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The rapid collapse of socialism has raised new economic policy questions and revived old theoretical issues. In this book, Joseph Stiglitz explains how the neoclassical, or Walrasian model (the formal articulation of Adam Smith's invisible hand), which has dominated economic thought over the past half century, may have wrongly encouraged the belief that market socialism could work. Stiglitz proposes an alternative model, based on the economics of information, that provides greater theoretical insight into the ...
The rapid collapse of socialism has raised new economic policy questions and revived old theoretical issues. In this book, Joseph Stiglitz explains how the neoclassical, or Walrasian model (the formal articulation of Adam Smith's invisible hand), which has dominated economic thought over the past half century, may have wrongly encouraged the belief that market socialism could work. Stiglitz proposes an alternative model, based on the economics of information, that provides greater theoretical insight into the workings of a market economy and clearer guidance for the setting of policy in transitional economies.Stiglitz sees the critical failing in the standard neoclassical model underlying market socialism to be its assumptions concerning information, particularly its failure to consider the problems that arise from lack of perfect information and from the costs of acquiring information. He also identifies problems arising from its assumptions concerning completeness of markets, competitiveness of markets, and the absence of innovation. Stiglitz argues that not only did the existing paradigm fail to provide much guidance on the vital question of the choice of economic systems, the advice it did provide was often misleading.The Wicksell Lectures
|1||The Theory of Socialism and the Power of Economic Ideas||1|
|2||The Debate over Market Socialism: A First Approach||15|
|3||Critique of the First Fundamental Theorem of Welfare Economics||27|
|4||A Critique of the Second Fundamental Theorem||45|
|5||Criticisms of the Lange-Lerner-Taylor Theorem: Incentives||65|
|6||Market Rationing and Nonprice Allocations within Market Economies||83|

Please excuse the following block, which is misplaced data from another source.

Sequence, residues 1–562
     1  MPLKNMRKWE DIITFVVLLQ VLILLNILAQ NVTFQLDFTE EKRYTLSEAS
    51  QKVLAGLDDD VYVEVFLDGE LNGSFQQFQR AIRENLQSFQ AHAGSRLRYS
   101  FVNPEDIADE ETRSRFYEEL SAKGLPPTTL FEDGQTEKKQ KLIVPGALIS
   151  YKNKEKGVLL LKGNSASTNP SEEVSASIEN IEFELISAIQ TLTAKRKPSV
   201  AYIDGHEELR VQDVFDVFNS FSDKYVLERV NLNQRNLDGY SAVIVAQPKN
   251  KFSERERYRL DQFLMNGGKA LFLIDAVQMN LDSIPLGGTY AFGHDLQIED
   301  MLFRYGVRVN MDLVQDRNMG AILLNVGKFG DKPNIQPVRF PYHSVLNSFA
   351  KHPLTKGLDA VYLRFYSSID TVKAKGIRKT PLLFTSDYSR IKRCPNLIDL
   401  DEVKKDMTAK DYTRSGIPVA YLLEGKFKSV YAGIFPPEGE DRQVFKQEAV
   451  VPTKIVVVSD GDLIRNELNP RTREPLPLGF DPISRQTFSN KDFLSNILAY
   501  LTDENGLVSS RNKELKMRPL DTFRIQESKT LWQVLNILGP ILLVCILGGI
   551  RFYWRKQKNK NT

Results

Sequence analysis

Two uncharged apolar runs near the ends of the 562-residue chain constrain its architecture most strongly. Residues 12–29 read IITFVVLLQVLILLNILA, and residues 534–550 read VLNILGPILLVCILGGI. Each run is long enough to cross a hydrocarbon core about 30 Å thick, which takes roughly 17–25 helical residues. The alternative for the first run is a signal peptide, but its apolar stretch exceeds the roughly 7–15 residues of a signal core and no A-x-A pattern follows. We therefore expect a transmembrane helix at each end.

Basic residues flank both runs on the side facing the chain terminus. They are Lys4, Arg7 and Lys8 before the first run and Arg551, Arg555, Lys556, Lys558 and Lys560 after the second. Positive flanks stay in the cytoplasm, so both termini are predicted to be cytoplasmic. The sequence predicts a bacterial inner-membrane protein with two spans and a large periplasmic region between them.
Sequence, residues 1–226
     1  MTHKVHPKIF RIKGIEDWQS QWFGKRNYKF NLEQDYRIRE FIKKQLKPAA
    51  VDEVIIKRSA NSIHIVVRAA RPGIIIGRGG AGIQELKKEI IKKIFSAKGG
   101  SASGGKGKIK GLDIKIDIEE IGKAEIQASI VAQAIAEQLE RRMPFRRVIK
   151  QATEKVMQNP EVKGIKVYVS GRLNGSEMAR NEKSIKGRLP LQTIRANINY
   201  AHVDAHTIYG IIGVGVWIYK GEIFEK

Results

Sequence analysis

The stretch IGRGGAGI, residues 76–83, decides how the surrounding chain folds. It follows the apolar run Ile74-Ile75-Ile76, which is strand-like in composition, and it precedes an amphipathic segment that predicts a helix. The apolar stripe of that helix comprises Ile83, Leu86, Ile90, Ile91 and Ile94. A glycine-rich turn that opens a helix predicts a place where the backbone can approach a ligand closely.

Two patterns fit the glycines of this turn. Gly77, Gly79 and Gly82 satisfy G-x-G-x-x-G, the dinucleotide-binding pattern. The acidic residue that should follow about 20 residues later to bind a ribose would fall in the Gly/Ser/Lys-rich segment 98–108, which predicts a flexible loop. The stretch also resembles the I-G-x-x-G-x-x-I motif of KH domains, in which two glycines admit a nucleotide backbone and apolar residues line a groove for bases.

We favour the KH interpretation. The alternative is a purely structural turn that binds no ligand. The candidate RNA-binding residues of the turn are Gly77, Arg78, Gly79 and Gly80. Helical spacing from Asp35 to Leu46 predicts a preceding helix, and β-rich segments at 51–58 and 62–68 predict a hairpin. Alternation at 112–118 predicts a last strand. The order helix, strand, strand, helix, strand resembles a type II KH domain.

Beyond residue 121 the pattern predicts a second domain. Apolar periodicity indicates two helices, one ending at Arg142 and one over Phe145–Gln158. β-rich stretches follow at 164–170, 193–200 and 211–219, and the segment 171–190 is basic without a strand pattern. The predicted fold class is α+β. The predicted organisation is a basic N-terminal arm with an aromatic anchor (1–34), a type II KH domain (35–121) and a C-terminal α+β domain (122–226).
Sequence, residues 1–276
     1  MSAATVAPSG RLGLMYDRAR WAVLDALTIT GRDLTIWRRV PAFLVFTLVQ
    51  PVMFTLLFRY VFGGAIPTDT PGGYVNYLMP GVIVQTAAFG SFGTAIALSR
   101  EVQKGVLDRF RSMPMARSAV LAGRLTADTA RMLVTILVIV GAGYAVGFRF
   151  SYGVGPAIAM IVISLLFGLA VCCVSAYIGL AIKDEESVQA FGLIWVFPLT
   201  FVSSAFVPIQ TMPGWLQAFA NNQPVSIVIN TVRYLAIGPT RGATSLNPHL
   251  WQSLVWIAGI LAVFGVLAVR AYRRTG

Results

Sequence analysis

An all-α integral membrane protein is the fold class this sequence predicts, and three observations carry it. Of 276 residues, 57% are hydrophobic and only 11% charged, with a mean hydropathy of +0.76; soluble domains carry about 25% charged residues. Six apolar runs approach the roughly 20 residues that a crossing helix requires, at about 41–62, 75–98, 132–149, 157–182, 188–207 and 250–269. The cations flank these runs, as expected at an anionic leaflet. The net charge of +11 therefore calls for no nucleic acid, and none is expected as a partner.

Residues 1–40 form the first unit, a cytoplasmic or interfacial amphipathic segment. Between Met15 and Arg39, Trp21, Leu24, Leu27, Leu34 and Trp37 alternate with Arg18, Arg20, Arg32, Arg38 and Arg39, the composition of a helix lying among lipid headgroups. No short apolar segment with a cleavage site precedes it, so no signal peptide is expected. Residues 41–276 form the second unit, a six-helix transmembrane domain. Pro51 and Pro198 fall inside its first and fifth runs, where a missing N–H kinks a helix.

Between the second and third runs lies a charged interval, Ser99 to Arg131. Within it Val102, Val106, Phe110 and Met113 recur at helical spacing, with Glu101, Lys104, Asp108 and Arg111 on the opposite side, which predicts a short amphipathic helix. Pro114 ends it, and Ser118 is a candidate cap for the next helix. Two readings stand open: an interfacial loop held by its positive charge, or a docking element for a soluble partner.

|9||Centralization, Decentralization, Markets, and Market Socialism||153|
|11||The Socialist Experiment: What Went Wrong?||197|
|12||Reform of Capital Markets||207|
|13||Asking the Right Questions: Theory and Evidence||231|
|14||Five Myths about Markets and Market Socialism||249|
|15||Some Tentative Recommendations||255|
Posted June 18, 2009
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The American economist Joseph Stiglitz argues that the neoclassical model ('the competitive paradigm') propped up the idea of market socialism, so the failure of market socialism also refutes the neoclassical model.
In market socialism, governments use prices, just like market economies do, to allocate resources. But as Stiglitz points out, in the real world of imperfect information and incomplete markets, "there is no presumption that markets are efficient." He concludes, "the first fundamental theorem of welfare economics - asserting the efficiency of competitive economies - is fundamentally flawed."
The second fundamental theorem - that market mechanisms allocate resources efficiently - is also flawed. He writes, "Quite to the contrary of the contention of the market paradigm, reliance on the stock market may actually result in a distortion of the allocation of resources. ... The stock market . does not provide the information required to make rational investment decisions."
In fact, "Information acquisition activities relating to the stock market are basically rent-seeking activities." Early information gets the rent, as when the Rothschilds made millions from being first to hear the result of the Battle of Waterloo.
Stiglitz writes naively, "the takeover movement itself seems somewhat of a puzzle since the firms taking over seem to gain little if anything." It is not a puzzle if you check who gains from these dodgy deals - top executives (primed by bribes, bonuses and share options) and those who take the fees and commissions. As management guru Peter Drucker commented mordantly, "Dealmaking beats working."
Stiglitz shows, "We cannot, in general, be assured that private production is necessarily 'better' than public production." "There are some free marketeers who say that the first step to success is to privatize the state enterprises. . They have no scientific basis for that conclusion." More recent research by Massimo Florio (in The great divestiture, 2006) found that Britain's privatisations did not improve efficiency and had a net social cost. The only gainers were the top managers.
He observes, "perhaps no myth in economics has held such sway as that which I will refer to as the property myth. This myth holds that all that one has to do is correctly assign property rights, and economic efficiency is assured." But as he points out, China's growth shows that well-defined property rights are neither necessary nor sufficient for success.